What you need: Container, water, glitter &/or glitter glue, food coloring (Optional: dish soap, glycerin) (And bring kids of all ages - this is a favorite for sure)!
Why to use: A fun way to help kids focus. Also a great way to teach children how important it is to notice how they are feelling. This is a great project to do with kids of all ages!
How to use: I like to have a brief discussion on feelings and emotions. I ask my kids if they can remember how they felt after a good night's rest or maybe after something has left them feeling very calm. Then I ask them if that peaceful feeling stays all day or if their mind may feel a little chaotic at times. We may get a little specific here (but we keep it brief) and we finish the discussion with the jar. When we look at the jar and it's not moving, focus on the fact that it is similar to their mind after a good night's rest. Then after a little time the mind may start to get a little whirly which is when we begin shaking the jar. After we get all of the glitter going I mention that the glitter in the jar is like all of the feelings and emotions that we have and that it would feel much nicer if we could allow those crazy glitter emotions begin to settle and become calm and peaceful. (depending on ages I challenge them to count their breath as they watch the glitter fall to the bottom).
1. Choose a jar like: Recycled bottles, Baby jars, Mason jars, Jelly jars, Etc. or - Recycled plastic containers like: Mayonnaise jars, Peanut Butter jars, Water bottle, Seltzer bottle
2. Fill with water
3. Sprinkle your glitter (if you use glitter glue you will need to shake it a lot in the beginning – and the smallest amount of dish soap will help reduce clumping)
4. Add food coloring of your choice (optional)
It’s that Easy!
Note: Depending on the type of glitter you use you may want to add the smallest amount of dish soap or glycerin. This will break down the glitter to reduce clumping.
Other options: Add a small object inside. They are more likely to really look inside and focus to find their special treat.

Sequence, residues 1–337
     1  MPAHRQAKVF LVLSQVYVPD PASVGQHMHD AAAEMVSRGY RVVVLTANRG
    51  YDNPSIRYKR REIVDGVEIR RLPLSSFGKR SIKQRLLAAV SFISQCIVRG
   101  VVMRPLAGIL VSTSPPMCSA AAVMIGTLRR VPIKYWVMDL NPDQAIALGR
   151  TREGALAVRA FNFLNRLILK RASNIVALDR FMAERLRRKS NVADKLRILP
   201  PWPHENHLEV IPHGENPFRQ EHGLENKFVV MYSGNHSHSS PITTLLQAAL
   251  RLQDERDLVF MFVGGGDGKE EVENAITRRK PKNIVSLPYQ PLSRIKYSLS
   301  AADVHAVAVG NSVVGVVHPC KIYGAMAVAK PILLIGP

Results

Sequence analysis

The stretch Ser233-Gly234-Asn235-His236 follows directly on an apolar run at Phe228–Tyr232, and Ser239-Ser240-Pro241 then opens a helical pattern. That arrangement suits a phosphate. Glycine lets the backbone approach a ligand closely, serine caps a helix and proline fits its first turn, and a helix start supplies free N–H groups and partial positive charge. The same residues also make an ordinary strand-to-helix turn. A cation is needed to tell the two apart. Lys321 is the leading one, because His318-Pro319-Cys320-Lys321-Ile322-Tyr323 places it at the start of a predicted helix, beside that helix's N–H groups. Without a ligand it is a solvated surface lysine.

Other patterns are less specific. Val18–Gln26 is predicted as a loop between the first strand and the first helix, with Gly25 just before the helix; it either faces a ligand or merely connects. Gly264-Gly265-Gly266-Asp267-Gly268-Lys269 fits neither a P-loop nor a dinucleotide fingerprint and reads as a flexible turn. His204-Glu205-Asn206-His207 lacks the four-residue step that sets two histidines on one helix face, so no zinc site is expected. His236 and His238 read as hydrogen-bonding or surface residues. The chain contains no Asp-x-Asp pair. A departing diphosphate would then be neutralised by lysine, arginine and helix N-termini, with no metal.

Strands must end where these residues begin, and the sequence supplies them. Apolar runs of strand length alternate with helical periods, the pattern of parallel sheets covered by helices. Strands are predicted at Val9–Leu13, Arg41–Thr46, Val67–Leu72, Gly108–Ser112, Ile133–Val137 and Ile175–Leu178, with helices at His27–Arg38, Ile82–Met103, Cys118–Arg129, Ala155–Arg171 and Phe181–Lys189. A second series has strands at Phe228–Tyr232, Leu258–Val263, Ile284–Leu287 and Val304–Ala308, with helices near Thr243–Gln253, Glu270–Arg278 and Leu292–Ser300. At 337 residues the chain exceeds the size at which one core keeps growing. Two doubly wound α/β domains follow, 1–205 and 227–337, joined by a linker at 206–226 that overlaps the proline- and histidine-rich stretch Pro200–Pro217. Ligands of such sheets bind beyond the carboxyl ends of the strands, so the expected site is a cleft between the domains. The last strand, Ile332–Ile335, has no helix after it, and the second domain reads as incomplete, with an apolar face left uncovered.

If you are looking for more amazing practices and exercies to use with your children you can find them in Jennifer Cohen Harper's book, Little Flower Yoga for Kids.
And please feel free to share your ideas, stories, questions or comments. We would love to hear from you!
This is a powerful form of meditation that can help kids learn to focus rather easily. There are various ways that you could fit this into a fun yoga class or add to a theme within a sequence of poses but I’d like to begin by making it as simple as possible.
For me, I find that the best atribute to this practice is that it's an easy way to help your child learn to regulate their own feelings and emotions. If they are having a bad day they can use this to turn it around. Or if they are feeling angry or too energetic or scared,,this is a powerful yet simple tool to use that can help.
Let’s begin by finding a comfortable seated position. If your child chooses to lay down or have a different position that is fine. (Ideally you’ll want to have a straight or tall spine).
With palms facing up or down you will begin by touching thumb and pointer finger, then thumb to middle finger, then thumb to ring finger and thumb to pinky finger.
Feel free to try this with your child a few times so they get the hang of it. (Allow the kids to know that it's okay if it's tricky at first or silly and feel free to play around but then do bring them back to the point of the practice).
Note: If you have a toddler or someone that is not able to touch the fingers you can try multiple things like: lightly tapping your hands to knees, or simply touching thumb to all fingers or thumb to one finger or making little fists. Improvise to see what works best for your exercise.
Eyes can be soft, fixed upon something in front of you or closed. Let your child explore what feels best.
As you are ready begin repeating, "I am so strong, I am so strong, etc. As you do this you will touch thumb to pointer while saying “I”, and continue on. So while touching thumb to middle finger you will say “am”, touch thumb to ring finger say “so” and thumb to pinky say “strong”.
Try this for however long it works for your child. The point is for them to become comfortable doing this and hopefully have some fun along the way. But the point is to find a bit of a rhythm or focus. (If they can do it for a minute or two that is great. If they can go longer, then even better).
Once you are done begin a discussion about the exercise. Ask questions. Inquire to see how they feel, if they liked it, etc. Give them a chance to truly reflect about their practice.
Note: Feel free to change the words of the meditation. For instance instead of repeating the, "I am so strong” maybe do something that may be more applicable at the time like, “I am so kind”. Or “I am so peaceful”. Choose a word that may help your child improve on his or her day or mood or help with a goal.